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-   -   How Is Covid-19 Impacting Life in Your City? (https://skyscraperpage.com/forum/showthread.php?t=242036)

C. Jan 11, 2021 1:20 AM

The Times Square example is a great comparison! Tourists love checking it out, but literally anyone else that lives in the city avoids it like plague if they can help it. One of the most annoying things living in New York is when you had friends or family come into town wanting to visit Times Square. You roll your eyes at first, suck it up, then go through the area dodging all the racist elmos, comedy club hustlers, and desnudas while passing all the overpriced corporate chains, including the county's most expensive Ruby Tuesday. There is so much more to NYC, superior products that can be had a better price in literally any other neighborhood, but to some visitors they are content shopping at Aldo and dinner at the Bubba Gump Shrimp Company.

To someone's point, these types of tourist areas keep the money coming in, but let's not pretend that it's representative of city living. It's just a tourist trap. Let the tourist dollar's support it if there is demand. You'll be hard pressed to find a New Yorker on this forum that goes to Times Square to support the area's retail businesses.

Times Square was extremely seedy in the 70s. Giuliani cleaned it up pushing it to the other end of the spectrum. Like a Disneyworld, complete with a Disney store. COVID-19 will usher in another transformation. The point is, neighborhoods change and that's not necessarily a bad thing.

Emprise du Lion Jan 11, 2021 2:51 AM

Quote:

Originally Posted by iheartthed (Post 9155527)
Lol... This might touch a nerve but... Isn't that Chicago's business model? Attract a bunch of Midwesterners to shop at the same stores on the Mag Mile that they could shop at in their local mall? Sprinkle in dinner at the Cheesecake Factory, and a couple of pictures at the bean sculpture in Millennium Park, and call it a weekend.

Sort of, but there's a bit more to it than that. A lot of the mall chains on Michigan Ave are larger than versions found in other cities, so it can be nice to see items you'd only be able to see online back at home.

There's also plenty of stores, whether they're mall chains, department stores, designer boutiques, etc, that aren't going to be universally found in the rest of the Midwest.

I, for one, would like a Bloomingdales, Uniqlo, and Zara here in St. Louis, but sadly we don't have any.

the urban politician Jan 11, 2021 2:43 PM

Quote:

Originally Posted by Emprise du Lion (Post 9155846)
I, for one, would like a Bloomingdales, Uniqlo, and Zara here in St. Louis, but sadly we don't have any.

^ Well, thanks to Covid and Jeff Bezos ("Oh but he's a 'tech' CEO, so he's cool and we'll give him a pass!" :rolleyes: ), Chicago probably won't have any of these stores within a couple of years either.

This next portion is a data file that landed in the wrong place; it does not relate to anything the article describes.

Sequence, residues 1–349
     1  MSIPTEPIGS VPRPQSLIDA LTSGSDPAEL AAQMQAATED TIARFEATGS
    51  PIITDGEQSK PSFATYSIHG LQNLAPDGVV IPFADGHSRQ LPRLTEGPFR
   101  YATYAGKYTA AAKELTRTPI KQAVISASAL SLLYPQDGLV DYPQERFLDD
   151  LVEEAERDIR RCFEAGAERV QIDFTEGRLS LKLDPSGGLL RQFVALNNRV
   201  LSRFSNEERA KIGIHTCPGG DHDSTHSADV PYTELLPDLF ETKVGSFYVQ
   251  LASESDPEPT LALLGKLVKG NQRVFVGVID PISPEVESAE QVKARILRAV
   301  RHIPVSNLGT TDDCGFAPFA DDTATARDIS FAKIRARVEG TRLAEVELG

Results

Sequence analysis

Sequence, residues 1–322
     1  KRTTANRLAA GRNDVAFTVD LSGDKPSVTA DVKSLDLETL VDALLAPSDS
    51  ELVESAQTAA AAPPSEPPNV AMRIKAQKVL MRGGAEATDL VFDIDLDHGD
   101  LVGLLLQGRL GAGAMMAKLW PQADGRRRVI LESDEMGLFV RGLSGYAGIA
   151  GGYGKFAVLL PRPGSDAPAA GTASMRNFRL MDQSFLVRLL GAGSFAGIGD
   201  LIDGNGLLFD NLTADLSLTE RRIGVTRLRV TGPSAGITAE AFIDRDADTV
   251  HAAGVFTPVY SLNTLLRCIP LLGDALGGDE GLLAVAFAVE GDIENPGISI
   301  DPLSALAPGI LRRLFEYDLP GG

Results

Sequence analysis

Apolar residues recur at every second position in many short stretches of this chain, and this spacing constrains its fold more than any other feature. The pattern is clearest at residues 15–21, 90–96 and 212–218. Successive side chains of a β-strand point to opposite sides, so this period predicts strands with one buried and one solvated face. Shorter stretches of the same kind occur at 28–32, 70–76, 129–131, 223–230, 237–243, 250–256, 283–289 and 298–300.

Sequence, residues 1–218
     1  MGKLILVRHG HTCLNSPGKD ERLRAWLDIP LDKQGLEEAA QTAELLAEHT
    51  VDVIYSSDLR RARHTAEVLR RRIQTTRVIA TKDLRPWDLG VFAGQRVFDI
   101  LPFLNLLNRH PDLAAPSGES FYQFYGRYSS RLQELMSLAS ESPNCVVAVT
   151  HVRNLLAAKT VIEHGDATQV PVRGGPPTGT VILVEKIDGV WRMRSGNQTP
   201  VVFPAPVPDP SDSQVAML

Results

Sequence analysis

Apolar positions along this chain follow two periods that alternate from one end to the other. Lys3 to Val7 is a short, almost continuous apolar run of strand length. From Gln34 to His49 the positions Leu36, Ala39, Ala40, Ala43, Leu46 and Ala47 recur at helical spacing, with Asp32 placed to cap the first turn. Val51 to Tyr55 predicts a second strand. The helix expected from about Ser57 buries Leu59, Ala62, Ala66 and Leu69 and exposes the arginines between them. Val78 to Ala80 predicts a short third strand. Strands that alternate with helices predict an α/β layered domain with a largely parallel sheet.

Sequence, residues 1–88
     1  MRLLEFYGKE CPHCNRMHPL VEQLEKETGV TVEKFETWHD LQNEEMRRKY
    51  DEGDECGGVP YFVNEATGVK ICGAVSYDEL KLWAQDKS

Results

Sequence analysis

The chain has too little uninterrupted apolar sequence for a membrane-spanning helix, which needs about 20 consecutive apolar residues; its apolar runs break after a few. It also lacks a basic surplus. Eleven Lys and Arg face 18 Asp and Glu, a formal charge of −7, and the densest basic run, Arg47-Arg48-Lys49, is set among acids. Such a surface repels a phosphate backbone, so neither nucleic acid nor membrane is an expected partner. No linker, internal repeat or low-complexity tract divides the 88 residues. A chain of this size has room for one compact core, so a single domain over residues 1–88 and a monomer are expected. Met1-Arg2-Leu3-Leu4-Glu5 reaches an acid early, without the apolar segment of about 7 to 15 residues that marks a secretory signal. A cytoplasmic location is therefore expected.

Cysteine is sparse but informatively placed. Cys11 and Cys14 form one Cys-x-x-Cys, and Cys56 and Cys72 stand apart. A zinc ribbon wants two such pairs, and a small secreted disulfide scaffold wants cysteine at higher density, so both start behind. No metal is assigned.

We all might as well just live in random subdivisions and get everything delivered to us. No reason for city living at all any more, the way consumer habits are trending. Even some of the most dedicated so-called urbanists here are watching this happen before their very eyes without even the slightest concept of how much our cities and makes them tick are literally fritting away.

SIGSEGV Jan 11, 2021 5:22 PM

I'm a bit confused because the reason I live downtown is decidedly not because Zara, Anthropologie and Macy's are a block away. Maybe there will be less reason for people from Libertyville to go downtown but I don't think many people live in the city because of Zara (do people in suburbs like living next to a mall?). How often do people buy clothes?

the urban politician Jan 11, 2021 5:58 PM

Quote:

Originally Posted by SIGSEGV (Post 9156265)
I'm a bit confused

You are. Stick to physics

Let the economy of cities be dealt with by people who actually care about that, instead of “I have no personal interest in going to stores to buy clothes, hence retailers aren’t important to the vibrancy of cities”

Forest for the trees

JManc Jan 11, 2021 6:07 PM

Uniglo, Express and Zara actually makes clothes that fit. The Gap and Macy's don't have the time.

iheartthed Jan 11, 2021 6:11 PM

Quote:

Originally Posted by the urban politician (Post 9156314)
You are. Stick to physics

Let the economy of cities be dealt with by people who actually care about that, instead of “I have no personal interest in going to stores to buy clothes, hence retailers aren’t important to the vibrancy of cities”

Forest for the trees

A city with strong fundamentals will adapt to change.

Toasty Joe Jan 11, 2021 6:19 PM

Quote:

Originally Posted by the urban politician (Post 9156314)
You are. Stick to physics

Let the economy of cities be dealt with by people who actually care about that, instead of “I have no personal interest in going to stores to buy clothes, hence retailers aren’t important to the vibrancy of cities”

Forest for the trees

you're coming off extremely pompous for someone who is lamenting the loss of a freakin Gap

the urban politician Jan 11, 2021 6:28 PM

Quote:

Originally Posted by Toasty Joe (Post 9156342)
you're coming off extremely pompous for someone who is lamenting the loss of a freakin Gap

Let the economy of cities be dealt with by people who actually care about that, instead of “I have no personal interest in going to stores to buy clothes, hence retailers aren’t important to the vibrancy of cities”

Forest for the trees

the urban politician Jan 11, 2021 6:31 PM

Quote:

Originally Posted by iheartthed (Post 9156333)
A city with strong fundamentals will adapt to change.

Correct. And that adaption will probably be an end to a large amount of ground level storefronts, and more shopping from the couch of your 19th story condo.

...........why are we into cities again? :shrug:

mhays Jan 11, 2021 6:49 PM

I'd love to have lots of street shopping and I do buy my clothes, food, etc., in person, but come on. Cities are about much more than shopping.